How to Prepare a 1040 Tax Form

Written By: Marquis Codjia

The Internal Revenue Service (IRS) has three types of fiscal forms that individuals can use to file their returns at year-end. These are 1040, known as the long form; 1040-A, or the short form; and 1040EZ, which is even shorter than 1040-A.

The IRS recommends that people not proficient in tax matters seek the expertise of professionals, such as enrolled agents, certified public accountants, fiscal planners, and tax accountants when dealing with such issues. To prepare a 1040 Tax Form, an individual must follow specific steps, running the gamut from determining filing and status to recording income and computing itemized deductions.

1. Determine Filing Status and Exemptions

A taxpayer must start by indicating his or her personal and residential information. Then, he or she must check the proper filing status depending on the regulatory definition of “status” at the moment. Filing statuses range from head of household and qualifying widow(er) with dependent child to single, married filing jointly, and married filing separately.

2. Record Income

Next, a taxpayer must enter his or her income on the Form 1040. Under IRS rules, income includes wages and salaries, taxable interest, and tax-exempt interest as well as business income and qualified dividends. A taxpayer invariably must have proof of income, such as W-2s and pay stubs. Unemployment benefits, Social Security payments, and investment gains are also integral to income.

3. Calculate Adjusted Gross Income

Adjusted gross income (AGI) is the first step in calculating gross income. From this, a taxpayer must subtract expenses like health savings account deductions, moving expenses, student loan interest deduction, and tuition and other academic fees. A taxpayer must ensure the right paperwork exists to support any expense that would ultimately reduce AGI.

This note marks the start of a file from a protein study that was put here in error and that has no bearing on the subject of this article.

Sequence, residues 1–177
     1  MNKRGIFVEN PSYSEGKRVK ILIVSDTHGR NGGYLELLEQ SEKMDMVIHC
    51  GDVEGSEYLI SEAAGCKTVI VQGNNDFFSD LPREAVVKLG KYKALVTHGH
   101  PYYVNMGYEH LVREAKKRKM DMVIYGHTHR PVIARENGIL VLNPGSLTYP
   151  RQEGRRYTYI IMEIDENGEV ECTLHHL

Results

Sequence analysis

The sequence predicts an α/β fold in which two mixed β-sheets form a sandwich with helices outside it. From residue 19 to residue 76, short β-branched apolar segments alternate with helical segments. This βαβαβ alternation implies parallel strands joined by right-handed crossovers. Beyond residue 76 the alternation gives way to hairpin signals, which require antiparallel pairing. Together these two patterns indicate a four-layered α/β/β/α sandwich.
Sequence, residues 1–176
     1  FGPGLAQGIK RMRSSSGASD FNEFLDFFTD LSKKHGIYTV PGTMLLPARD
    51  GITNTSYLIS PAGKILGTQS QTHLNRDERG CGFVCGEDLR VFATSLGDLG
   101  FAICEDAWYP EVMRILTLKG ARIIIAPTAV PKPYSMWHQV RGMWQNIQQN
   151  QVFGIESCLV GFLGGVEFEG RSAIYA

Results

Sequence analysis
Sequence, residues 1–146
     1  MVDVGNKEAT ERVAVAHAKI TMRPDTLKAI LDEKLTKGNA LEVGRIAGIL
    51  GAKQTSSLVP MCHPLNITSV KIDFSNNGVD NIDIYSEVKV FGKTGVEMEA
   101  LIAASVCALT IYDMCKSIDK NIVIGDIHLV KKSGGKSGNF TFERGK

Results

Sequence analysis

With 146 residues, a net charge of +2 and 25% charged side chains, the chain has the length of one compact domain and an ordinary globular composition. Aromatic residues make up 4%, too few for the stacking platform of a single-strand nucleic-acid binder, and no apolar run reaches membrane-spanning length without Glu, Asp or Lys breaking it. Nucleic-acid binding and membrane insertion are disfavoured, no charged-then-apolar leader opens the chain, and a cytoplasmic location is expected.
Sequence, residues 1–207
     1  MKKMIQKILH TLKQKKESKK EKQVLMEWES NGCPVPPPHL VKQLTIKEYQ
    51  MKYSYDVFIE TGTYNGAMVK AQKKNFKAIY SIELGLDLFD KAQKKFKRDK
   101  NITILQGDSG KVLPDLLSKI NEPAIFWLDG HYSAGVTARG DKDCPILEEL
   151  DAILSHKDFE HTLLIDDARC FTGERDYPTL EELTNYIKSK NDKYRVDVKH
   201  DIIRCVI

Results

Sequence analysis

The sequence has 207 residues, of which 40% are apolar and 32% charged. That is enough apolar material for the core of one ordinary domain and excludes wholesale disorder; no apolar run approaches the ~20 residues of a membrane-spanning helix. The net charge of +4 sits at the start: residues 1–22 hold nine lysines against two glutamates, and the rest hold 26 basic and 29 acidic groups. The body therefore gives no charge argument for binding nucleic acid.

4. Compute Itemized Deductions

A taxpayer must provide a standard deduction or a sum of itemized deductions depending on his or her filing status and financial profile. Itemized deductions must be properly documented and archived in case the IRS seeks to ascertain the amounts reported on the Form 1040. Itemized deductions range from travel expenses and state and local tax payments to mortgage interest payment, investment interest, casualty and theft losses, and gambling losses.

5. Determine Fiscal Remittances

How much tax a person must pay is a function of AGI, itemized deductions, tax rate, and taxable income, among other factors. A taxpayer multiplies taxable income by his or her tax rate to calculate the tax money it must send the IRS.

6. Calculate Refund or Payment Due

The IRS sends a taxpayer a refund if he or she has paid more in taxes than due. The opposite situation creates an obligation for the taxpayer, who must send a check to federal and state fiscal agencies.

7. Sign 1040 Return

Last but not least, a taxpayer must sign his or her Form 1040, be it filed via regular mail or electronically. The IRS typically does not process unsigned, incomplete, and inaccurate tax documents. If the taxpayer prepares his or her own return, he or she must indicate things like occupation, daytime phone number, date, and personal signature. Otherwise, the IRS requires that the designated third-party preparing the return, such as a certified public accountant, sign and date the Form 1040.


Preparing an accurate and complete fiscal return enables a taxpayer to comply with U.S. and state fiscal legislation. The preparation process touches on things like income, itemized deductions, refund calculation, and taxpayer signature.